Down on the farm, a designer blooms
Move to New Hampshire proves inspirational for Emerson Fry
New Hampshire-based clothing designer Emerson Fry, who launched her debut line of vintage-inspired garments in August, is the kind of person who uses your name when she talks to you. It’s endearing and personal, a quality you remember long after the conversation has finished. She’s the person everyone wants as a friend — and whose closet you’d most like to raid.
Together with Ryan, her husband of seven years, the pair make up EmersonMade: a stylish clothing and accessories line, and blog, based out of a 100-acre farm.
The EmersonMade line ranges from women’s skirts, tweed blazers, and dark denim to a classic nautical stripe shirt and sweet, simple dresses. There are also belts, patent leather pumps, patterned clutches, some men’s ties, a smattering of table runners for the home, and plenty of Emerson’s signature fabric flowers.
Before moving to New Hampshire, the pair lived in New York City for 10 years, where Emerson was an oil painter who dabbled in women’s apparel design. Then Ryan, the owner and operator of several technology companies, stumbled across an old farmhouse in the Granite State, where the couple spent their vacations.
“I called Emerson and told her we had to buy it,’’ Ryan says.
“I could hear something in his voice that told me this is our next chapter,’’ Emerson says.
So despite some cold feet, the pair packed up their city life and moved to the country to restore the house and run a certified-organic farm.
They keep ducks, chickens, and turkeys on their property and operate EmersonMade out of an old factory building in nearby Portsmouth. Most of the clothes are made in New York.
“As far as women’s clothing design, it was always my goal to make this my full-time job but I didn’t know how I’d do it because I didn’t like formal schooling,’’ Emerson says. “So I set myself to the task of finding a way. I said, ‘If there is a way, I will find it, and if there is no way then I’ll just have to make it.’’’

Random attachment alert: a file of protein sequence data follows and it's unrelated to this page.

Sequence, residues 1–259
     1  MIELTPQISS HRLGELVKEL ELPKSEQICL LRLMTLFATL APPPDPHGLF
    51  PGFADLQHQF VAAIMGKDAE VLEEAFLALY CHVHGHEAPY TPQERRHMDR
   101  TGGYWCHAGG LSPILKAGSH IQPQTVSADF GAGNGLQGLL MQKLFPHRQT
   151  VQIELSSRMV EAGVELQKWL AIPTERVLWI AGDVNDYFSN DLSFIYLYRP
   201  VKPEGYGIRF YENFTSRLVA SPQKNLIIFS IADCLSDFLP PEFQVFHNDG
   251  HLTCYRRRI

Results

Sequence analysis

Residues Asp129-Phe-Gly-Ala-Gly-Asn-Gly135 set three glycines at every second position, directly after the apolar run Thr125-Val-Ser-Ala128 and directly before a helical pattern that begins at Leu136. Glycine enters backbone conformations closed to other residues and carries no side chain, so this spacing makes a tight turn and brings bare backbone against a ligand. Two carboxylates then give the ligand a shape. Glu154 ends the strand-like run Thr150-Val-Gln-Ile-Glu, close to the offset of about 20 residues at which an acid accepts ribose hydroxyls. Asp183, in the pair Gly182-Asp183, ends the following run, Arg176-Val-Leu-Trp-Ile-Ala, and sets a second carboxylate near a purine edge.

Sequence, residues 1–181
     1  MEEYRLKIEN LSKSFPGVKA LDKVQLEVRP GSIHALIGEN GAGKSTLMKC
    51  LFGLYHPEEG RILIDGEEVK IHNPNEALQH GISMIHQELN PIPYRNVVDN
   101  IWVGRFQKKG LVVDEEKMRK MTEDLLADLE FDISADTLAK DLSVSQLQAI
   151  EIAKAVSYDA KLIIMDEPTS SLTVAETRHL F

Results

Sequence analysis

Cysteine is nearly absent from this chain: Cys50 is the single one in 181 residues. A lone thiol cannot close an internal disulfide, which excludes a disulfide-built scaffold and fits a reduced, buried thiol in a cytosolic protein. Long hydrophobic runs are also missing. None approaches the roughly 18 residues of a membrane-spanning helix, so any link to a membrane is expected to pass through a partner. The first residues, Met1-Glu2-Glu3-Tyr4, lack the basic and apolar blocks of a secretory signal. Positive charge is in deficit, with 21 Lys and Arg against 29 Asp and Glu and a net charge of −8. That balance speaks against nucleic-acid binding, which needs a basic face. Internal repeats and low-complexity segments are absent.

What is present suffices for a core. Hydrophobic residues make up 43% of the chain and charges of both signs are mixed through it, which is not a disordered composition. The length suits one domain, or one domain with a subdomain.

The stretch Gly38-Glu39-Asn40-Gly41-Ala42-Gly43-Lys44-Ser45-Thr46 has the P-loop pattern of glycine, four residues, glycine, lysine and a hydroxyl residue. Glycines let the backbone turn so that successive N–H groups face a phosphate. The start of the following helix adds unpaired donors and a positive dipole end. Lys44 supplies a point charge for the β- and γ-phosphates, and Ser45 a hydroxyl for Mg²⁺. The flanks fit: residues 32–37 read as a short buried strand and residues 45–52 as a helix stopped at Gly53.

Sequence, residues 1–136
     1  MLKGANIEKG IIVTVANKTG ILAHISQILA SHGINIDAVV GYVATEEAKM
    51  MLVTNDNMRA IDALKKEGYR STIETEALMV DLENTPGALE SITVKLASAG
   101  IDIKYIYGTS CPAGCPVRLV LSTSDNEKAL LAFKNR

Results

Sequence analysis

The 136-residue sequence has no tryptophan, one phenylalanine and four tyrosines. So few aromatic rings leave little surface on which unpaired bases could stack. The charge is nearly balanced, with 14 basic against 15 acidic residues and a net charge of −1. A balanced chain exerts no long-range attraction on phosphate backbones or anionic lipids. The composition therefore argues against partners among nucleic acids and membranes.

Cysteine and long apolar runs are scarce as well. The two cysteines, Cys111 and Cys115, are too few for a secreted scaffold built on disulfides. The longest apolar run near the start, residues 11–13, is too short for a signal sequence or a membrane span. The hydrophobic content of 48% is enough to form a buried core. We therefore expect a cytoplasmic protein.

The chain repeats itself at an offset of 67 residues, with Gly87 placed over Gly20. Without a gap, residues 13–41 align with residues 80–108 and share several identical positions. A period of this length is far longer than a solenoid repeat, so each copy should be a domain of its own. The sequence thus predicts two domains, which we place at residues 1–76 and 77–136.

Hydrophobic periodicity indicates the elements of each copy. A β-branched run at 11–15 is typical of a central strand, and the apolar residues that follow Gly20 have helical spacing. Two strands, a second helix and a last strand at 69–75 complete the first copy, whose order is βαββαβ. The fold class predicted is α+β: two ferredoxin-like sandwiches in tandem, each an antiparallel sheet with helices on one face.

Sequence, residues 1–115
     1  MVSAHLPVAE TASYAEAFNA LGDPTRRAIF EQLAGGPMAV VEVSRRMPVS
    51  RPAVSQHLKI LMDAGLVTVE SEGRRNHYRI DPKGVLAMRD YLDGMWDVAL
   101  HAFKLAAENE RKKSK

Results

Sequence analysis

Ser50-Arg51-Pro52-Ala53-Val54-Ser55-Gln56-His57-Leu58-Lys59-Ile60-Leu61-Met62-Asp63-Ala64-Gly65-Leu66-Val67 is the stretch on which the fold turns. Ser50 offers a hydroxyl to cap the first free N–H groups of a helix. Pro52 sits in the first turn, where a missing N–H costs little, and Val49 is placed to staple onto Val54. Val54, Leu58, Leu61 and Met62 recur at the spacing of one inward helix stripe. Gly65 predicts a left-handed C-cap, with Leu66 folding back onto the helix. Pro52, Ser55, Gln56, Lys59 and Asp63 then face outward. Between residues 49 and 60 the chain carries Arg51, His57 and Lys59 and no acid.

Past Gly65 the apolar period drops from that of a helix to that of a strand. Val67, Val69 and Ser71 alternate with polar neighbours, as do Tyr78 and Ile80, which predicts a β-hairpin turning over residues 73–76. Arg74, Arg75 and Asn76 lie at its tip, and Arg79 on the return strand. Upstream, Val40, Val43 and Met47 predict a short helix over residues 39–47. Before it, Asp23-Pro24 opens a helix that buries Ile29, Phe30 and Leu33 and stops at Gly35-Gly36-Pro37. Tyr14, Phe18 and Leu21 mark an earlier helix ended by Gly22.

For the timeless, pared-down selection of items in the EmersonMade line, the allure is all in the details: a 1960s style tweed jacket ($238) has woven, mahogany-colored leather buttons; there’s a navy scoop-neck, spaghetti-strapped dress ($288) bespeckled with tiny, white twinkling stars; and thin-denim bell bottoms ($188) feature a high rise waist and an exaggerated boot cut straight out of the 1970s.
“Leaving something to the imagination and showing the poised, powerful quality women can have is very alluring to me,’’ Emerson says of the garments in the line.
A number of the dresses and skirts have pockets, a sweet detail that’s worth pointing out. An online description for one of these items, in Emerson’s distinctive voice, reads, “[what’s] more chic than a lady with hands in pockets waiting for her dreams to arrive and then some. [B]ecause they’re coming, all of them.’’
Since spring 2009, the couple have run a website (www.emersonmade.com), peddling Emerson’s one-of-a-kind cloth flowers and limited-run garments. The most striking things about the site, though, may be the gorgeous and well-staged photo shoots, in which Emerson and Ryan employ themselves (as well as their many birds) as models.
Almost overnight, design blogs like Design*Sponge and Brooklyn Bride were abuzz with glowing praise for EmersonMade’s photo shoots. Shot mainly at the couple’s farm, the shoots feature Emerson’s elegant flowers — adorning everything from men’s ties to wedding dresses — as well as her wedding dresses and clothing.
When it came to designing the clothes, Emerson was inspired by movies from the 1930s through the ’60s as well as a certain former first lady.
“Jackie O. is such an obvious figure. I could really chew your ear off on that one,’’ she says.
While Ryan runs the business side of EmersonMade, the creative voice is all Emerson’s. “Our aim is to make the most beautiful, personal clothing for our beloved customer because she or he deserves the very best,’’ Emerson says.
Nicole Cammorata can be reached at firstname.lastname@example.org.